Christian Transhumanism: An Apologetic Endeavour?

Risalatul Hukmi
Risalatul Hukmi
Post-Nietzschean free thinker

One of the reasons why Christianity is almost always one step ahead of other world religions is the socio-historical fact that places Christianity vis á vis with the development of modern Western society. This fact is difficult to find in other religions that become the biggest number in developing countries, which are still struggling to overcome the basic human problems; Human rights, violence, discrimination, or even starvation. It is almost difficult to imagine the debate on evolutionism and religion growing in Indonesia other than only in small academic circles, which in some cases was too late from the original debate. We also hardly ever have a debate about whether the earth or the sun is the center of the solar system; it may be because we are not directly correlated with the issue. Thus at least we can then understand the important position of Christianity in the most recent debate of the century; between religion and transhumanism.

Transhumanism becomes one of the important issues not only because it is promoted by elite Silicon Valley figures, rather because of its provocative ideas which presuppose radical implications for the whole structure of human social life. The big idea promoted by transhumanism may seem simple, if not unrealistic. In short, transhumanism presupposes a life in which humans and technology are merged, or what is commonly called the age of ‘singularity.’ As stated by Elon Musk, we must merge with machines to surpass the existential threat of Artificial Intelligence (AI). Indeed, the consequences of this idea haunt all aspects of life; economic, political, cultural, and even religious. Hence, this article will only talk about the last one with the underlying reason that religion is the social aspect of human life that is the most difficult to adapt to the times.

The Origin of the Idea: Christian vs. Secular Transhumanism

The debate about the origin of terminology is perhaps the most cliché of a discourse; where do the terms modernism, post-modernism, secularism, etc. come from. The discourse on transhumanism also does not escape from such debate; occasionally associated with the term übermensch (superman, overman), which was conceived by Nietzsche, was frequently referred to in Teilhard’s writing in his book The Future of Mankind (1949), and often attributed to Julian Huxley who gave a rigid definition:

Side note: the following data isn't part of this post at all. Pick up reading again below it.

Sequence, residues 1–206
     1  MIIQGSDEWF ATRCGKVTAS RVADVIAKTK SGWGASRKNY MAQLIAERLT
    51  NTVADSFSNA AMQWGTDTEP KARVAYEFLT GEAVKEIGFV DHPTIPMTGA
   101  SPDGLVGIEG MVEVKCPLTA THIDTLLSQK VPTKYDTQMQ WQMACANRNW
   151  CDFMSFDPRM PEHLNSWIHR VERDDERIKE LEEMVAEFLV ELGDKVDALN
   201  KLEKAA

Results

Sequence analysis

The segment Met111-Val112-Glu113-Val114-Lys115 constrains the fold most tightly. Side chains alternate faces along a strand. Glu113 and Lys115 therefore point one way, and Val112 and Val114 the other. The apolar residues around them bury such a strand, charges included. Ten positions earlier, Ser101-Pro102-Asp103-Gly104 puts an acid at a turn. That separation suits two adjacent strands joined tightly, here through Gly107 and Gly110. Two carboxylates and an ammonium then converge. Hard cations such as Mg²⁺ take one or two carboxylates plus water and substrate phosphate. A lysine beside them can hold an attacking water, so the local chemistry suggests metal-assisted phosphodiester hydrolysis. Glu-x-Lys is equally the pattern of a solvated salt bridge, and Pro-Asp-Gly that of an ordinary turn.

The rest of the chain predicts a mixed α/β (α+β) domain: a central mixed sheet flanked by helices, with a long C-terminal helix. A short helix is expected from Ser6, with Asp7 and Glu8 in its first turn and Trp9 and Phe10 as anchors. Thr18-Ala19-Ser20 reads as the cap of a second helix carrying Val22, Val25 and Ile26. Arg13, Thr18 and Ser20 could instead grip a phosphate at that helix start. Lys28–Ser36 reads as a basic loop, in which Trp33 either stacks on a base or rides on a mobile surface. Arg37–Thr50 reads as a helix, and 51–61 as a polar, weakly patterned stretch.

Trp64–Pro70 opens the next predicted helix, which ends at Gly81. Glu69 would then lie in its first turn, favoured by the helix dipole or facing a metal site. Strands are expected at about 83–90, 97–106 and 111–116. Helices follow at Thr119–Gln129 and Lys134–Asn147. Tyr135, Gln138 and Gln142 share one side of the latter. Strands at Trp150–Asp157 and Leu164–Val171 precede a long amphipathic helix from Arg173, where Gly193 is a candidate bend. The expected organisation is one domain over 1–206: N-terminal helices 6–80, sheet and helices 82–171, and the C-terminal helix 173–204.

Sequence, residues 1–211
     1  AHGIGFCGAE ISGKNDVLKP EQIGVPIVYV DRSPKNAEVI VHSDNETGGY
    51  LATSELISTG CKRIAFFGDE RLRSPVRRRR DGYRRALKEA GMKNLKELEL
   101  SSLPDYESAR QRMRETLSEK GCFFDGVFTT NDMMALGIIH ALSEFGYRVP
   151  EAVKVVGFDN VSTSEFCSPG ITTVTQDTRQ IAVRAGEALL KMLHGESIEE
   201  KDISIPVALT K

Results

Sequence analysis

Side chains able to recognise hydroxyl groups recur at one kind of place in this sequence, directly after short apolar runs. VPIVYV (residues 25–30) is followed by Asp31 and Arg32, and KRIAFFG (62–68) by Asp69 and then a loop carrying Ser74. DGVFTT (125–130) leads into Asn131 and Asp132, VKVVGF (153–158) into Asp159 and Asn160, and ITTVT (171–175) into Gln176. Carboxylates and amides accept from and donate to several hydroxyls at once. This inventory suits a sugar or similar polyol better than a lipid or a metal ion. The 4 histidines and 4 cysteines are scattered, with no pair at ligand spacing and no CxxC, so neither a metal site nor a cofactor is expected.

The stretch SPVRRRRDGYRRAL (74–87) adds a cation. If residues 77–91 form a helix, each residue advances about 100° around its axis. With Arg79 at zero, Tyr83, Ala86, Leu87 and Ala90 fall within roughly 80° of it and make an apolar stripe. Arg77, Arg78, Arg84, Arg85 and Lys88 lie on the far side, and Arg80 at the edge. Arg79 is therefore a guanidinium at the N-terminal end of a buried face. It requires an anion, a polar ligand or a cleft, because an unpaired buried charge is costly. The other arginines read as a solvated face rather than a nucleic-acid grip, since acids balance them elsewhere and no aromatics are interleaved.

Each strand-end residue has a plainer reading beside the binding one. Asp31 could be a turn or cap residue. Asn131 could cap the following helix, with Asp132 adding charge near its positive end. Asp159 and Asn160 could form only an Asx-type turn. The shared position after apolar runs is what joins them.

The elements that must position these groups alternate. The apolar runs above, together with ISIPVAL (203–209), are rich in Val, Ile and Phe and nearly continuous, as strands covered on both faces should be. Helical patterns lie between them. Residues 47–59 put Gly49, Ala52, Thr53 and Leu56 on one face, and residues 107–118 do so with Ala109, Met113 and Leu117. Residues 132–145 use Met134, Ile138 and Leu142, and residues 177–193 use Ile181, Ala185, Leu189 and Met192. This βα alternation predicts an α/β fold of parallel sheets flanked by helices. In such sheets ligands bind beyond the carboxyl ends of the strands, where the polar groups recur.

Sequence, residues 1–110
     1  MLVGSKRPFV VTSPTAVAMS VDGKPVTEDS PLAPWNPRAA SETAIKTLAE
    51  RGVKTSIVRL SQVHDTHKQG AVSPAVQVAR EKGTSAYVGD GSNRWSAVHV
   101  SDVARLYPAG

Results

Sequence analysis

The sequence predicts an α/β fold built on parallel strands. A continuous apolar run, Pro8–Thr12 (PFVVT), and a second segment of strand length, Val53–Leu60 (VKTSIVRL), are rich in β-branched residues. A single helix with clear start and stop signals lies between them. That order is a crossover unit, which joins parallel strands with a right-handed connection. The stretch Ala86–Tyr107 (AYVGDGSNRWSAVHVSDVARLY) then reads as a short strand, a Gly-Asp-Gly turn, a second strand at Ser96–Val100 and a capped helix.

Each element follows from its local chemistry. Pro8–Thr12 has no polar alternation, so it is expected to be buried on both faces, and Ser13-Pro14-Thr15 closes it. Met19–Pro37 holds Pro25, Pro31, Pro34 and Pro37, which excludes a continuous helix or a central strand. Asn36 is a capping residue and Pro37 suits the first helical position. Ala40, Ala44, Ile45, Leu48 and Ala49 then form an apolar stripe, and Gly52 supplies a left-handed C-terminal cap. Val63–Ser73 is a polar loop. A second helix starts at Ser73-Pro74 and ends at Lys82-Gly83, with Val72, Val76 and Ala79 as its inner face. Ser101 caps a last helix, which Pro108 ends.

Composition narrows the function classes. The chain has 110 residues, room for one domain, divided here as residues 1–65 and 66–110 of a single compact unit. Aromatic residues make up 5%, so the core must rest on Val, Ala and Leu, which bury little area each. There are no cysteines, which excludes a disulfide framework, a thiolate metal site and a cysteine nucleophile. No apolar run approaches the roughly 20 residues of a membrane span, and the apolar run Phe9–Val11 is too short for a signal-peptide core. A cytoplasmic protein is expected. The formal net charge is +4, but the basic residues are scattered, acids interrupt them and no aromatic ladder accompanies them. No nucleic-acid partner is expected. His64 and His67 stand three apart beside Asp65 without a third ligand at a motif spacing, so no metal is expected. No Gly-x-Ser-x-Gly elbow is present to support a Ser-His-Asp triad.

The human species can, if it wishes, transcend itself —not just sporadically, an individual here in one way, an individual there is another way, but in its entirety, as humanity. We need a name for this new belief. Perhaps transhumanism will serve: man remaining man, but transcending himself, by realizing new possibilities of and for his human nature. “I believe in transhumanism”: once there are enough people who can truly say that, the human species will be on the threshold of a new kind of existence, as different from ours as ours is from that of Peking man. It will at last be consciously fulfilling its real destiny (J. Huxley in Manzocco, 2019: 26-27).

Not only Nietzsche but also do Teilhard and Huxley believe that humans are states that must be surpassed. However, how to realize it? Of course, it is in this question that Julian Huxley is often regarded as the person to whom the term transhumanism deserves to be attributed. Apart from using the term literally, he also gave a fairly comprehensive definition of what he meant by ‘transhumanism.’ However, the very idea of ​​transhumanism itself actually can hardly be attributed to anyone. The same idea as promoted by transhumanism had begun to develop in the early 19th century through fictional works such as Frankenstein; or, The Modern Prometheus (1818), which tells of a figure who succeeded in conquering death through chemistry. Other more contemporary narratives can also be read in the short stories of Isaac Asimov, especially The Last Question (1956) which tells how humans managed to fuse with computers.

Of course, the idea of ​​such transhumanism, which presupposes humans and technology to fuse together, is the most commonly accepted idea. And those who claim to be transhumanists (H +) naturally follow this definition. However, some people say that it is an idea of ​​secular transhumanism, which presupposes an anti-religious association or even a new, anti-god religion because it proposes an idea of ​​salvation through immortality with the help of science and technology.